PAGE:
We're sure you'll agree that this is a hell of a bold claim. You can check the list out for yourself but there aren't really that many surprises on there.
Here at Abaddon and Solaris Towers we know that these lists are highly subjective and in any list there are going to be those titles that are notable by their absence, so we asked the fellas in the office what THEY would say are their top favourites. As ever, ask them on another day and the lists might be different - and there's no accounting for the sudden "damn!" moment that inevitably strikes moments after they hit 'send'.
Be sure to tell us your favourites in the comments or via our Facebook and Twitter feeds...
Jonathan Oliver, editor-in-chief Solaris, Abaddon Books, Ravenstone:
The Left Hand of Darkness, Ursula Le Guin
Le Guin has always been ahead of her time, and this novel achieves so much in relatively few pages. It’s a great adventure story, but at its heart, it’s a study of gender, the acknowledgement of the fluidity of sexuality, and a brilliant political text, that shows how vital and relevant SF can be.
Alice in Wonderland, Lewis Carroll
The book that cracked open my imagination as a child and introduced me to the limitless possibilities of literature.
The Influence, Ramsey Campbell
Ramsey is an extraordinary horror writer with a unique voice. He manages to produce books that are deeply frightening but also cerebral. This book about the sins of the parents being visited on the child is just terrific. The family tension is handled beautifully and Rowen’s disembodied flight through a dark, spiritual realm is one of my all-time favourite scenes in a horror novel.
The Limits of Enchantment, Graham Joyce
It’s so hard to pick from Graham’s novel as they're all pretty much brilliant. The Limit’s of Enchantment is a gorgeous novel, in love with the landscape and culture of England without being jingoistic or nationalistic. A novel about the importance of stories and myth – a lyrical, gentle work, but incredibly powerful. The last few pages had me in bits.
Drawing Blood, Poppy Z. Bryte
I love Poppy’s work, and the fact that she isn't more prolific has always been a little galling. Her talent is just too great not for her to keep pushing it. Drawing Blood is a terrific ghost story and a novel about love. Human, deeply frightening in places, but ultimately full of warmth – a book with soul.
David Moore, Abaddon Books editor
Earthsea is so real and believable and grandiose and otherworldly, and Ged is so humble and relatable and fey and impenetrable, and LeGuin, ever the mistress of her medium, pulls off these extraordinary dichotomies so effortlessly. If only I could write like that...
The Hitch-Hiker’s Guide to the Galaxy, Douglas Adams
Comic fantasy and SF is often (and unfairly) discounted; in truth, there are a lot of slick, brilliant funny books out there. But if anyone sticks his head over a field that includes the likes of Asprin, Brooks and (I dare!) Pratchett, it’s Adams, if only because he manages to convince us that his utterly mental world is actually perfectly reasonable, and it’s just us that’s struggling to cope with it.
The Fictional Man, Al Ewing
I’m going to be cheeky and allow myself one book that we've published, because Al’s seminal alt-history/weird/metafictional head trip reads like an undergrad philosophy elective taught by Terry Gilliam by way of the comic store. And it’s as sharp as a new suit to boot.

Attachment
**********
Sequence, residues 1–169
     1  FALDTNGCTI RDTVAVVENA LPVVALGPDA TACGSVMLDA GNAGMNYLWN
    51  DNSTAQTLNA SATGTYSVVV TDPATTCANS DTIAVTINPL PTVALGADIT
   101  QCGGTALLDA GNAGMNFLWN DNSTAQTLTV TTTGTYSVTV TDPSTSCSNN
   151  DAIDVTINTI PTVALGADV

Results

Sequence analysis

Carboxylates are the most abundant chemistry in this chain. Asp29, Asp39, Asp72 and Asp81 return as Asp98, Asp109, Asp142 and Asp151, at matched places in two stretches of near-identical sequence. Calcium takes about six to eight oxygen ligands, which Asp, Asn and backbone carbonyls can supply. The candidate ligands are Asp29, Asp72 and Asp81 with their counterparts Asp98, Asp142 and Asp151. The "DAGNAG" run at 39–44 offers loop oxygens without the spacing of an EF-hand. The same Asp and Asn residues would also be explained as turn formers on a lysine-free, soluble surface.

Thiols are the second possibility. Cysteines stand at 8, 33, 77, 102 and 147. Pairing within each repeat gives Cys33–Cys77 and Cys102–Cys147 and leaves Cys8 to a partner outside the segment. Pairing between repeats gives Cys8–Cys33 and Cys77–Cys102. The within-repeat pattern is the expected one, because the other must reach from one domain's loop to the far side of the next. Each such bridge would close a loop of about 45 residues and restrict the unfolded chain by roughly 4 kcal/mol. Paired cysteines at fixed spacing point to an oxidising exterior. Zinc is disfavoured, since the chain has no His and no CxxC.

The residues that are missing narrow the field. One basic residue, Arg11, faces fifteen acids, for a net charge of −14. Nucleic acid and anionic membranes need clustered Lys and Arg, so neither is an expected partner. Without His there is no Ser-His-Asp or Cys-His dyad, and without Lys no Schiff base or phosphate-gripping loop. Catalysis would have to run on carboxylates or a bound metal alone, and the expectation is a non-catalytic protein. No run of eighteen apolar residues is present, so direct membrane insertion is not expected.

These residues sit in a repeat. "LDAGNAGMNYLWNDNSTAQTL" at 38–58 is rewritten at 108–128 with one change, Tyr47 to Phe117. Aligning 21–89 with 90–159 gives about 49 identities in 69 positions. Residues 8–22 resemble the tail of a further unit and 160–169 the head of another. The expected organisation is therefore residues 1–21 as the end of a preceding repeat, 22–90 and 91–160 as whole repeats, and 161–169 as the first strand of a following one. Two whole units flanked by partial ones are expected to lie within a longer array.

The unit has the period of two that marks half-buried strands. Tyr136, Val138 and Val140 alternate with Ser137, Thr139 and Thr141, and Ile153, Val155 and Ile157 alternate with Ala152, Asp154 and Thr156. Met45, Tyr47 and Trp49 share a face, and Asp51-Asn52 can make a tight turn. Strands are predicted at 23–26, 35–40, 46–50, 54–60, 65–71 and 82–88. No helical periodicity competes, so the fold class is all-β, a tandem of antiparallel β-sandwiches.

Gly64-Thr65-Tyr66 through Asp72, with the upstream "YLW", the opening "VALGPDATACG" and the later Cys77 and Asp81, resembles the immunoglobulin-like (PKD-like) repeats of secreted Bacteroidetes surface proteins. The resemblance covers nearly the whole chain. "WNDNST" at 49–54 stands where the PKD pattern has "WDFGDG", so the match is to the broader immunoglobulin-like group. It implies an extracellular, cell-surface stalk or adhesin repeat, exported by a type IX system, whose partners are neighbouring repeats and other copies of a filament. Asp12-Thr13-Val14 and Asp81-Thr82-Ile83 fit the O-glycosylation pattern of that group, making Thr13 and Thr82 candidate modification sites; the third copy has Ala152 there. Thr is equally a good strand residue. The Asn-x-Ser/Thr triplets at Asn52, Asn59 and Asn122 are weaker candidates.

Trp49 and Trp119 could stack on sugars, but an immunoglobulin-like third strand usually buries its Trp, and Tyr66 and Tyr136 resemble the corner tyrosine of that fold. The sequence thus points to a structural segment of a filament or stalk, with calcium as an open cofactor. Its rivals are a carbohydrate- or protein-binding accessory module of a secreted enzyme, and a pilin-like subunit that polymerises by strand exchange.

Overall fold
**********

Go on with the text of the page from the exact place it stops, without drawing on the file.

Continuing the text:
Neuromancer, William Gibson
Because you remember the books that grabbed you when you were younger. My first cyberpunk, and really my first SF that wasn't legitimately “golden age.” It was a real shock to the system to break from the optimism and genteelness of the old Masters and see how SF could open the door on humanity’s hubris.
The Hunger Games, Suzanne Collins
I have an English graduate’s habit of examining structure and narrative while I read – always preparing for that next essay – and Collins’ post-apoc romp is one of the most polished uses of the first person voice I’ve read in years. Getting all the love, sadness and rage of all her other characters across through Katniss’s blithely oblivious, emotionally-scarred narrative is an extraordinary achievement.
This was such an adept and delightful time-travel book. So few stories can hold up under the weight of their own logic when time-travel is involved, that this debut novel did so and was also an incredible read from start to finish says it all.
Riding the Unicorn, Paul Kearney
I read this for the first time last year (and liked it so much I bought it to re-publish), and it hasn't gone away, slowly revealing itself to be something of a masterpiece. A portal fantasy to end all Fantasy, laying bare the nature of the sword and sorcery worlds we think we love.
Speaker for the Dead, Orson Scott Card
The thing about top fives is that the impact of reading something as a child never leaves you, and makes one reach for novels of that period. The second and final of Card’s Ender Wiggin books (I choose for history to end the series in about 1987, before the further sequels and before Card went back to tweak the first two books to fit the later narrative). Big Idea SF with a human story.
Full of ideas, history, speculation and so, so funny.
Confessions of a Justified Sinner, James Hogg
Nutso 19th Century magical realism and extremist religion lead to murder. Unlike anything else (no matter how much Fight Club owes to it).